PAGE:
FBI Director Argues Private Companies Shouldn’t Decide Encryption Debate
A key lawmaker questioned whether the Justice Department’s position is at odds with the Defense Department’s.
FBI Director Christopher Wray presented the House Judiciary Committee with a nuanced stance on encryption when pressed to square the bureau’s position on the issue with that of the Defense Department.
In 2016, the FBI faced off against Apple in court over getting access to the locked phone of a shooter who killed 14 people in San Bernardino, California, so investigators could look for additional digital evidence. Apple, however, argued there was no way to allow law enforcement access without compromising the security of all users’ communications.
Since then, the FBI and law enforcement agencies have pushed tech companies to create access—some have referred to this as a “backdoor”—to communications sent using end-to-end encryption. This use of encryption shields messages from anyone other than the sender and intended recipients.
“It seems from the various statements we’ve seen that the FBI is taking one position and the Department of Defense is taking the opposite position,” Committee Chairman Jerry Nadler, D-N.Y., said to Wray, citing an October letter Defense Chief Information Officer Dana Deasy sent to Rep. Ro Khanna, D-Calif.
The letter, which Khanna forwarded to Senate Judiciary Chairman Lindsey Graham, R-S.C., in December, stressed the importance of “strong encryption” for protecting Defense’s information and resources.
The FBI’s agenda has generally been supported by law and order Republicans such as Graham. But the House hearing saw the agency’s pleas for the ability to thwart sex traffickers, perpetrators of hate crimes, and other criminals also garnering sympathy from at least one Democrat.
“When it comes to domestic terrorism and hate crimes and right-wing extremist nationalist groups, antisemetic groups out here using encryption to organize, to plan and then to conduct operations that actually result in people being killed and injured and you’re doing it in a way that you cannot be surveilled, you cannot be held to account in any way after the fact for what you did,” Rep. Henry Johnson, D-Ga., said, “I think that is a danger to our society.”
Democracy and civil liberties organizations argue end-to-end encryption is necessary to protect individuals’ privacy. The organizations appealed to Facebook to resist pressure from law enforcement to discontinue its plans to institute such encryption across its messaging services in an October letter.
“Speaking on Facebook’s plans to encrypt its messaging services, you said this would be a ‘dream come through for predators and child pornographers,’ that is, if they were able to encrypt without a backdoor,” Nadler said starting his questions for Wray.
But while Wray generally confirmed his comment, he denied using the term “backdoor.”
“We don’t think we’re asking for a backdoor, but the first part of what you said is correct,” Wray told Nadler, adding, “I don’t think the Department of Defense is taking a position on what Facebook should be doing about its messaging platform, and I would tell this committee the FBI believes strongly in encryption. We, after all, have a cybersecurity mission.”
Wray’s written testimony shows he was prepared to respond to questions regarding a fine line the FBI is walking in its push for lawmakers to do something about individual companies making decisions about whether law enforcement should be allowed to have information necessary to thwart criminals, including hackers.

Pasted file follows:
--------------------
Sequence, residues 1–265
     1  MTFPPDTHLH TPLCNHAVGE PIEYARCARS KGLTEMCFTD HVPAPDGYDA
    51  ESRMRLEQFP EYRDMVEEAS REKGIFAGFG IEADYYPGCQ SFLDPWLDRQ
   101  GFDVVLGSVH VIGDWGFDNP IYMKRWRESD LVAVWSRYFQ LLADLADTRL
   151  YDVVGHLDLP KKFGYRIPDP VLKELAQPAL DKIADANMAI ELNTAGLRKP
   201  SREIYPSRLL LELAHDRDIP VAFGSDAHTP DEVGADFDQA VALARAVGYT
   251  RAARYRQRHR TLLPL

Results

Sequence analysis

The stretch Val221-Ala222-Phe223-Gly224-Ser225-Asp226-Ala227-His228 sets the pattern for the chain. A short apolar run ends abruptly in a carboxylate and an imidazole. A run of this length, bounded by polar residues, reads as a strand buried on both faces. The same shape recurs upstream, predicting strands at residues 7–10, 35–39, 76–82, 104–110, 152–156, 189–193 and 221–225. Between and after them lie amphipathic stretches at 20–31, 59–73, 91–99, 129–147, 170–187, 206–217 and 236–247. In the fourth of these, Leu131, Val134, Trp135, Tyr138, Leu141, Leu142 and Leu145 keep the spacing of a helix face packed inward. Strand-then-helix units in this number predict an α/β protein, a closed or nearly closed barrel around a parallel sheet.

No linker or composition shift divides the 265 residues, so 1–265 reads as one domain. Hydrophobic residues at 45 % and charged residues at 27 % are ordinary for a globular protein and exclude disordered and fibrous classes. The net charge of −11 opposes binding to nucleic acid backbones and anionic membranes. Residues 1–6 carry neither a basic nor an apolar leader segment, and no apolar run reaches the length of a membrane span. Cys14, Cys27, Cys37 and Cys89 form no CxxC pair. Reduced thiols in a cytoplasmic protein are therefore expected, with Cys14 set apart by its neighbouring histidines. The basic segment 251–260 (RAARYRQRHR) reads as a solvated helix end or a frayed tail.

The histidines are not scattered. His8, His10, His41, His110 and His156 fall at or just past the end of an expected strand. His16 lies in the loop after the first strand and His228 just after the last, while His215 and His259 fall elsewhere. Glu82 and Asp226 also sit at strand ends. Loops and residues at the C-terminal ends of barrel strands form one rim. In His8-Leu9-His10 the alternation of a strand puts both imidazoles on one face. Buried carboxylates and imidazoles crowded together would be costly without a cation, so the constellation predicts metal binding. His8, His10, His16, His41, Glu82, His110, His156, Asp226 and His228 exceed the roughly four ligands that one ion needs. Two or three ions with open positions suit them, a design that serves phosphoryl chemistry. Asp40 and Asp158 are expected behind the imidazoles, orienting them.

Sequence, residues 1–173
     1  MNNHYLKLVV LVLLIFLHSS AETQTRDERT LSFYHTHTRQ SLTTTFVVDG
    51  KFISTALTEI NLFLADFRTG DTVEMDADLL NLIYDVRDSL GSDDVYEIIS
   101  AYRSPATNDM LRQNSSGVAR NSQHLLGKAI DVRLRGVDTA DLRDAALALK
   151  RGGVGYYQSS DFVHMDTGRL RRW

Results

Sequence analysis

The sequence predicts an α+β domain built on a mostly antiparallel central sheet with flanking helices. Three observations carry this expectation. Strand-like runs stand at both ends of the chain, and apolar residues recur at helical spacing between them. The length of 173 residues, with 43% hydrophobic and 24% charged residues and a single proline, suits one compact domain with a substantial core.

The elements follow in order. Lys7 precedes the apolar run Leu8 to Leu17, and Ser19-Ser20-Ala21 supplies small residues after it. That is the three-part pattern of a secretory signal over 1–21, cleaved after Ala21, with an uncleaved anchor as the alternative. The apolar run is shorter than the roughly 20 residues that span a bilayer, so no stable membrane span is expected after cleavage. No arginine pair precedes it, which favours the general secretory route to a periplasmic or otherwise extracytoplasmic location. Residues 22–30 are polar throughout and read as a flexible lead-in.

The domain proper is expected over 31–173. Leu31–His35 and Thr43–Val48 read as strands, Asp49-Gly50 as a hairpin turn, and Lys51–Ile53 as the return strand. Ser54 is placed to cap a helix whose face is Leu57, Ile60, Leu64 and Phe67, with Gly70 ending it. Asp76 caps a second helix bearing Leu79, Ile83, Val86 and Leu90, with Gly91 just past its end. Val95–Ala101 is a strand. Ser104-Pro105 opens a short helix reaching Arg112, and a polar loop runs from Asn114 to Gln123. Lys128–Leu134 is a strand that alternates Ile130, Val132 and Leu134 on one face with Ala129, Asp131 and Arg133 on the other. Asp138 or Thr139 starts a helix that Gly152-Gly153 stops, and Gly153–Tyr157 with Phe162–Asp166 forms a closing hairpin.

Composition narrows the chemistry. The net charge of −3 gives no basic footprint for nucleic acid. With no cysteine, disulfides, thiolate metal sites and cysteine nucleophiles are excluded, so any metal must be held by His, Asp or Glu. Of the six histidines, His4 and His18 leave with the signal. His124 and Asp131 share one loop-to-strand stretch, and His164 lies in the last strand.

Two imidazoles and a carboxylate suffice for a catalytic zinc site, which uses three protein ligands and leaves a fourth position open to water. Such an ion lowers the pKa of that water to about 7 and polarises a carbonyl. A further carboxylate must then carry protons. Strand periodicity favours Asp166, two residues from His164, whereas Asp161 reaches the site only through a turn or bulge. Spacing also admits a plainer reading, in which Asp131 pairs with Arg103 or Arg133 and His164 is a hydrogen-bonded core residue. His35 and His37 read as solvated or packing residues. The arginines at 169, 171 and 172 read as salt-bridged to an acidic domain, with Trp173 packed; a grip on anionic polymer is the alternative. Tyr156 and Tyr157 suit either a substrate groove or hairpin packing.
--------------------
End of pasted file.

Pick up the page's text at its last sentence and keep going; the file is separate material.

“We continue to embrace the use of strong encryption within our most critical sectors and infrastructure,” reads Wray’s testimony, echoing the language in Defense’s letter.
Deasy also distinguished between personal devices and those issued by the government, noting the department’s mandatory security practices described in the letter apply only to the latter.
Wray’s written testimony urged lawmakers to “seek a solution that allows us to protect our nations’ most vulnerable while at the same time addressing the equities of the larger national security community.”
In an October essay, Jim Baker, former counsel for the FBI who argued the agency’s case in court against Apple, wrote: “I am unaware of a technical solution that will effectively and simultaneously reconcile all of the societal interests at stake in the encryption debate, such as public safety, cybersecurity and privacy as well as simultaneously fostering innovation and the economic competitiveness of American companies in a global marketplace.”
The FBI appears to be referring to a policy solution—rather than a technical one—that could potentially ban certain companies from using end-to-end encryption. However, as policymakers debate whether the social media platforms that house so many communications should be considered critical infrastructure, that is no less controversial.
In this second round of the old debate pitting privacy against security, the FBI is appealing to lawmakers on behalf of society’s most vulnerable.
“We have to have mechanisms to allow lawful access to protect flesh and blood Americans,” Wray said during the hearing. “Right now, even as we speak, … the National Center for Missing and Exploited Children gets about 18 million tips a year related to child exploitation, and some vast swath of those comes from Facebook.”
“If Facebook moves forward with the plans they have at the moment, we will be blinded,” he said. “They will blind themselves and law enforcement no matter what process this committee comes up with to allow us access to that content. I don’t think that’s a decision Facebook or any one company should be making on behalf of the American people.”